Have you ever wondered what a Lay Speaker is? Does the thought of
standing at the pulpit, delivering a sermon, cause you to break out in
a cold sweat? Well then, please read on and I will try and answer the
first question and reassure you regarding the second.
Lay Speaking harkens back the very roots of the Methodist Church.
During the early organization of the Wesleyan revival in England, lay
speaker ministers became active because there were more congregations
than ordained clergy. The use of lay assistants helped fulfill John
Wesley's goal of no silent pulpits. Today, this special ministry is
much more than standing-in for pastors who are away from their pulpits
for vacation, illness or other reasons. Lay Speakers are challenged to
expand the domain in which Lay Speakers serve, and seek out
opportunities for spiritual growth and faith sharing.
There are actually two levels of Lay Speaking. The first is a Local
Church Lay Speaker (LCLS). This is a person who has taken the Basic
Course which is a 10 hour class that focuses on three primary areas of
Lay Speaking ministry: Caring, Leading and Communicating. The second is
a Certified Lay Speaker (CLS). This individual has taken the Basic
Course along with an Advanced Course. The Advanced Courses cover a
variety of different areas of ministry including Prison Ministries,
Clown Ministries, Storytelling, Christian Drama, and Ministries to
persons with Mental Illnesses or Deafness to name just a few.
As you can see, Lay Speaking covers a wide range of ministries
besides preaching. There are many excellent Lay Speakers who have never
stood at the pulpit to preach a sermon, but have touched countless
lives thru their service to the local church by means of Lay Speaking.
Please prayerfully consider becoming involved in this challenging
and rewarding ministry.
Definition of a Lay Speaker: (Taken from the VA UMC website)
Lay Speaking is not just filling pulpits. Lay Speaking Ministries as
defined in the Book of Discipline offers wonderful possibilities for
expanding the work of lay speakers. The classes described below suggest
many areas of ministry as well as offering ideas for expanding the role
beyond what we have traditionally understood.
The whole issue of how Lay Speaking Ministers can assist our
congregations and communities is limited only by your imagination and
willingness to serve as a representative of Jesus Christ.
The 2008 Book of Discipline states:
Paragraph 270.2 "Lay speakers are to serve the local church or
charge (or beyond the local church or charge) in any way in which their
witness or leadership and service inspires the laity to deeper
commitment to Christ and more effective discipleship, including the
interpretation of the scriptures, doctrine, organization, and
ministries of the church."
Paragraph 270.3 "Through continued study and training a lay speaker
should prepare to undertake one or more of the following functions,
giving primary attention to service within the local church or charge:
- To take initiative in giving leadership, assistance, and support
to the program emphases of the church.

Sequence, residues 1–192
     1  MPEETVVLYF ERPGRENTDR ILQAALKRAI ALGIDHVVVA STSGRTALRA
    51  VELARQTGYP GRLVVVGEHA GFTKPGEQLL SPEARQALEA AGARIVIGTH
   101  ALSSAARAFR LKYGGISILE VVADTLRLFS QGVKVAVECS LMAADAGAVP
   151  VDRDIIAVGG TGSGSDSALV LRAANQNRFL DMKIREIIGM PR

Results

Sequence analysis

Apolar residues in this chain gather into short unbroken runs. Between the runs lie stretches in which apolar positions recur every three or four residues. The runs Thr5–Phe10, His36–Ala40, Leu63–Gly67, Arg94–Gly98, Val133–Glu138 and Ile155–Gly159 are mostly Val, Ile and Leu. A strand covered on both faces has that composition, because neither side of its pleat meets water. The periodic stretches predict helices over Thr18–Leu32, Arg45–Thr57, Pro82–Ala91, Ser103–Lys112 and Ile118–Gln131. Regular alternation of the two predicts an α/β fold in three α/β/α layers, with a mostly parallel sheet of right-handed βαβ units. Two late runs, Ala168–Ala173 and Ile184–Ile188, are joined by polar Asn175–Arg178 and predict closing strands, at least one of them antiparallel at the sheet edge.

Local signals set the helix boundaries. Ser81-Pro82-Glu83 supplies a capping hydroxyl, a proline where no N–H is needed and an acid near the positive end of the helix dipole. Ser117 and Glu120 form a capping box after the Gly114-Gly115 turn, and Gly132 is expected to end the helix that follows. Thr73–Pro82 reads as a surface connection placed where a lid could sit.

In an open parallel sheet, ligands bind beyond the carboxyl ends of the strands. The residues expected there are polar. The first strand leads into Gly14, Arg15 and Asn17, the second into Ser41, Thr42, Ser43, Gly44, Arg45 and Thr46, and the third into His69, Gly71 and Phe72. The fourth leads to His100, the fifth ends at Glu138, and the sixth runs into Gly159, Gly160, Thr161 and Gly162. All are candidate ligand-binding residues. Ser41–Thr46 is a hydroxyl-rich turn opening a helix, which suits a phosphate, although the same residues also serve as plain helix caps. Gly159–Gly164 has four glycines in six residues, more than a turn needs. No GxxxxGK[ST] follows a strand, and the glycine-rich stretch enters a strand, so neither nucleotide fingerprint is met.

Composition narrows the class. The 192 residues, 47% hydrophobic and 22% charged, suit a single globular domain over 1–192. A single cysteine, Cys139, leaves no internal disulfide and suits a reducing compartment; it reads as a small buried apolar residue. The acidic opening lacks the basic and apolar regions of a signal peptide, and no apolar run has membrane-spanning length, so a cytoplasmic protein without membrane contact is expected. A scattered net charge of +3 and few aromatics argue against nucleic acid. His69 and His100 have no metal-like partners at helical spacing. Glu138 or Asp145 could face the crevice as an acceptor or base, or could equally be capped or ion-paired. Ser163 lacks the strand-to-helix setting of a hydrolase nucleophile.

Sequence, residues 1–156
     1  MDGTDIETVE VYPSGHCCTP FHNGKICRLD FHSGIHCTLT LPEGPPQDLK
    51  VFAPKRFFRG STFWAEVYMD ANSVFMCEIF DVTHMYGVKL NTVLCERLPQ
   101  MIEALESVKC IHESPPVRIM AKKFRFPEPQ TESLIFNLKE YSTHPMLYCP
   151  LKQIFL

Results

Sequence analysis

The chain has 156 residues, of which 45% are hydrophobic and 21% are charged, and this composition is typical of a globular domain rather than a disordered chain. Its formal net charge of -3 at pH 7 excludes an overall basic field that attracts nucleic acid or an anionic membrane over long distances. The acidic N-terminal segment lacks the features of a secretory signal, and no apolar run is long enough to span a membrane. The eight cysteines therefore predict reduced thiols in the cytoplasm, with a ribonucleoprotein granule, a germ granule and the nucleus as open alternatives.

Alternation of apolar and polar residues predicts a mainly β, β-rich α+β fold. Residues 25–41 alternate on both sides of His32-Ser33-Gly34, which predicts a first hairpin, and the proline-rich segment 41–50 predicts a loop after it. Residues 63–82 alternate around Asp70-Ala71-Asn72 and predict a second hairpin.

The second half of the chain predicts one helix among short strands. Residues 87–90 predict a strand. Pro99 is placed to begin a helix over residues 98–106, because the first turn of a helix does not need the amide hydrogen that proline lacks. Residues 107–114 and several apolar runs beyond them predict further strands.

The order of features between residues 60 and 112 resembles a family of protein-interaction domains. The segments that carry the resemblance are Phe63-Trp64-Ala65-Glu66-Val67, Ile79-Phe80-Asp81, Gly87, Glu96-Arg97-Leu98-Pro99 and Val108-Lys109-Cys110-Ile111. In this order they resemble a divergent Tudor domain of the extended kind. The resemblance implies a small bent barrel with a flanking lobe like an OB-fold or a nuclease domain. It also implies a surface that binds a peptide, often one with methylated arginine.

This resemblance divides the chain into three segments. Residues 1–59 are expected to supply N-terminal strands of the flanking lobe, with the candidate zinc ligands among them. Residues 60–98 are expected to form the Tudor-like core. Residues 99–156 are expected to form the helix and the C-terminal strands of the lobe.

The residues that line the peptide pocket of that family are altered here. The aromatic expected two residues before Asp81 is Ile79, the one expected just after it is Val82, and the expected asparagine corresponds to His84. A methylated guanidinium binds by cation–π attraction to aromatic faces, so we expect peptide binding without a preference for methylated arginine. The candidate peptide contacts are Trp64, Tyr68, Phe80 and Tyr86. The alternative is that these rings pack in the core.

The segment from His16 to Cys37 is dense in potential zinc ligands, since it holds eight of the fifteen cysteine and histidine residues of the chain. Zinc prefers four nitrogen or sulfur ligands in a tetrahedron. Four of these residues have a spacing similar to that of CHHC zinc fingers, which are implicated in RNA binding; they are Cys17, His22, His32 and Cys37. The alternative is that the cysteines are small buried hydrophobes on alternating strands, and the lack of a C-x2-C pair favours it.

- To lead meetings for prayer, training, study, and discussion when
requested by the pastor, district superintendent, or committee on lay
- To conduct, or assist in conducting, services of worship, and
present sermons and addresses when requested by the pastor, district
superintendent, or committee on lay speaking.
- To relate to appropriate committees and ministry areas in
providing leadership for congregational and community life and
fostering care-giving ministries."
LAY SPEAKING MINISTERS (LSM) are:
- Called by God to a ministry of caring, communicating (listening and
speaking), and leading in their church;
- Active supportive members of a United Methodist Church, well
informed on the Scripture, the doctrine, heritage, organization, and
life of the UMC;
- Committed to witnessing through church and community leadership,
care-giving ministries, listening & spoken communications, and willing
to improve his or her skills for service.
LOCAL CHURCH LAY SPEAKERS (LCLS) Serve in and through their local
congregations. To become a Local Church Lay Speaker, you must: - Be
recommended by your pastor and Church Council or Charge Conference. -
Complete the Basic Course for Lay Speaking; and - Annually reapply on
the "Lay Speaker's Annual Report", reporting how you have served and
continued to learn.
CERTIFIED LAY SPEAKERS (CLS) Serve in their own church, in other
churches and through district and conference projects and programs. To
be recognized as a Certified Lay Speaker, you must:
- Have the same recommendations as a LCLS;
- Complete the Basic Course;
- Complete one Advanced Lay Speaking course;
- Be interviewed and approved by your District or Conference Committee
on Lay Speaking Ministries.
- Reapply and report annually on the "Lay Speaker's Annual Report" on
how you served and continue to learn; and
- Complete at least one advanced course every 3 years.
You are ready to become a lay speaker if:
- You are willing to share your faith with those around you;
- You are willing to go wherever and whenever God calls; and
- You will commit your time & energy to the service of your
congregation, community, neighbor, coworker or relative.
Lay Speaking Training:
(pdf or Word)
Lay Speaking Resources:
If you are interested in Lay Speaking, contact the Church
Office or Pastor Witt.